Leica made a seemingly counterintuitive (to the rest of the camera industry and some M users) move by forgoing video in the Leica M10. However, if you know Leica, you know them to be a company that happily defies convention. Leica appears to have listened to its users, who rarely use video. Further, Leica delivered the highly capable Leica SL, which is more suited to videography. The Leica M240 was an outdated video camera out-of-the-gate, featuring older video codecs, limited audio recording capacities and other challenges that made it difficult for videographers to use the camera in a serious manner. Leica has rightfully recognized that the M series platform is not really optimal for a video-still camera convergence. The focus of the M10 is now squarely on still photography, where the Leica M series has always excelled.


By now, you may begin to see that many of the subtle changes to the Leica M10 are adding up to a meaningful difference, and by the end, you will find that the user experience for the M shooter is vastly improved. To further push the agenda to this end, Leica made a great move to simplify the button layout and menu structure for the M10. Gone is the fivebutton left-sided layout, replaced by a simplified three-button system. Jonathan Slack has written at length about this, and there’s no need to beat the topic into the dirt, lest to say that the changes made feel “right” for this camera.

On the camera’s front, the M10 brings back the frame line preview selector lever. On previous cameras, such as the M240 and M-E, Leica had removed the frame line selector. The M10’s design harkens back to the film M cameras. The only other buttons on the front side are the lens release button and the button just below the illumination window that activates focus magnification in live view. I am glad that Leica carried over this very useful and functional feature from the M240.

The M10’s on-off switch is now either “on” or “off ”. Gone are the Off-S-C convention of recent digital cameras. Continuous shooting at up to 5 fps is now accessible through the menu.

I am not yet sure how I feel about this change, but it does simplify the layout.


The Leica M10 employs a newly designed BL-SCL 5 battery, which is physically smaller than the M240’s battery with a correspondingly reduced capacity. For ambient/indoor temperatures, I have been able to take over 600 images on one charge. In colder climates, a typical charge is more likely to last for about 300 images. While this may be disappointing to many looking to upgrade to the M10, the camera’s slimmer profile necessitated a slimmer battery. It’s best to purchase a spare battery if you are a high volume shooter.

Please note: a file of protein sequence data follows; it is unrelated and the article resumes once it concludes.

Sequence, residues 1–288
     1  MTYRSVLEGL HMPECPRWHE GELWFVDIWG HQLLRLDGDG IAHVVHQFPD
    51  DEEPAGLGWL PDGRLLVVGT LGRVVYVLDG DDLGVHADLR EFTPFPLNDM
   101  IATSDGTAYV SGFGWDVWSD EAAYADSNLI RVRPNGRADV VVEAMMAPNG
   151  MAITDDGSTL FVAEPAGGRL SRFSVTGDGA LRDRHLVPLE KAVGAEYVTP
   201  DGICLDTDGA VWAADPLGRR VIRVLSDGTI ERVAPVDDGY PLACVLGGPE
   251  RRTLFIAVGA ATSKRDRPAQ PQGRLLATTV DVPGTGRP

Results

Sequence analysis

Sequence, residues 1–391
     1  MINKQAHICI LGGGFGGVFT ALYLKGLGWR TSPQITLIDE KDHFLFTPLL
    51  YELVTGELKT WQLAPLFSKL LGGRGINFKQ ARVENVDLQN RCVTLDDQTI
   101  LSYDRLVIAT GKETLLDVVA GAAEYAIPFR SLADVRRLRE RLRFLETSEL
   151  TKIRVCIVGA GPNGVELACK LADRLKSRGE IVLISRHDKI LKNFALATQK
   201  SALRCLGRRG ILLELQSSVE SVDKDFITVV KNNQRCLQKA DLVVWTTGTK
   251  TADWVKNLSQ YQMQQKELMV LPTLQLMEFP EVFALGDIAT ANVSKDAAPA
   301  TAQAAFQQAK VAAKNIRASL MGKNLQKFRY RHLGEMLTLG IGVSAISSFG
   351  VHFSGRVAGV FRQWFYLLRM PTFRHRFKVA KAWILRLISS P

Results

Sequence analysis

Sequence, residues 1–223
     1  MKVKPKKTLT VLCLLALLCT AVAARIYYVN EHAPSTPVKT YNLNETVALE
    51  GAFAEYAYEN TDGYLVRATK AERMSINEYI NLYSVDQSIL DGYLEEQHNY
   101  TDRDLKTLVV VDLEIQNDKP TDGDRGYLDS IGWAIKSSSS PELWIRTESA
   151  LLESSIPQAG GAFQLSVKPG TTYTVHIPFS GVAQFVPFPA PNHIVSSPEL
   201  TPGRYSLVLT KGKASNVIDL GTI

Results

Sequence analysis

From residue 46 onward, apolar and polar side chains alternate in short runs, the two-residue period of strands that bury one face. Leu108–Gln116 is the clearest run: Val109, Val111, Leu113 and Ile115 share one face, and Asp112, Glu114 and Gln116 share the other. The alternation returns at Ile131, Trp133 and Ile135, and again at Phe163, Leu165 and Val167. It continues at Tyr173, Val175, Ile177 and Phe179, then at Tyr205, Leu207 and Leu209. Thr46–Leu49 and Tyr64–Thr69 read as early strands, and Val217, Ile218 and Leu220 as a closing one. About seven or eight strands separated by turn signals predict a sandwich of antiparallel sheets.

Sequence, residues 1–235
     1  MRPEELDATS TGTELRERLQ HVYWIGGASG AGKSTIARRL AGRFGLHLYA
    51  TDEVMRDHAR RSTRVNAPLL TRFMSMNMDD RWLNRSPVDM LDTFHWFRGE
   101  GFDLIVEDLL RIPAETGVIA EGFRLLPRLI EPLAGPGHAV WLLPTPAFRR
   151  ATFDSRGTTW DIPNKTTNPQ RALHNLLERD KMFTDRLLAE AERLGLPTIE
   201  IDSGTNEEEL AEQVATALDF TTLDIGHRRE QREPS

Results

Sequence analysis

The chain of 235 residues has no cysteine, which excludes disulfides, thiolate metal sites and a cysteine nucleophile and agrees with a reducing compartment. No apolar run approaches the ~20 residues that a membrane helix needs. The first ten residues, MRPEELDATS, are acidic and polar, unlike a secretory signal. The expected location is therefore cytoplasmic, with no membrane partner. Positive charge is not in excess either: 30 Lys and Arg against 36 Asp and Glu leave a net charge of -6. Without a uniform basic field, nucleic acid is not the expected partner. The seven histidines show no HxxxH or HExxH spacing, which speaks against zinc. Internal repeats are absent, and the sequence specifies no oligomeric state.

The Leica M10 retains the same 24-megapixel count as thecLeica M240, SL, and Q cameras. Despite this, Leica has reported that the sensor featured in the Leica M10 is brand new and NOT a modified sensor from the M240, Q, or SL. Where the Leica M10’s sensor truly excels is in mid-tone dynamic range. Colors in this range are both accurate and readily adjustable. Further, the M10’s sensor produces nearly bottomless shadow detail. An image can be substantially underexposed, and yet can be saved by simple postproduction. We do live in a glorious time for photography as sensors perform so well now, and the M10’s sensor is no exception. Please take note that the M10 does not perform quite as well with overexposed images or blown highlights. Highlight regions of high contrast images are prone to blowing out, and care should generally be taken to properly expose the scene. To avoid this situation, I generally set exposure compensation to -1/3, and find the images that I produce to have punchy color with a better highlight range. Consider yourself warned as you begin your own journey with the Leica M10.


Putting all of the megapixel arguments aside, the Leica M10’s sensor is impressive in its reproduction of natural color. Jonathan Slack again spends a great deal of time speaking on this controversial topic, since “Leica colors” are a hotly debated topic. I am a huge fan of the Leica M9’s color palette, while others favor the M240’s color reproduction. I found that if white balance was accurate, the Leica M9 produced base ISO files with some of the best color fidelity and pop that I have ever seen. The Leica M240 peformance is different, less punchy, but with more range. In some ways, comparing the M9 to the M240 is like comparing two different film stocks. Each will have its fans.





The Leica M10, produces colors that are strikingly accurate, even in mixed/artificial light circumstances that can often bring out the worst in skin tones. The M10 RAW files do come out-of-camera slightly muted but readily adjustable in post-processing. With minimal post-processing, the images are immediately punchy and provide the pop and snap that many of us last saw with our M9’s. In summary, I confidently can tell you readers that the M10’s files have that “M9” pop.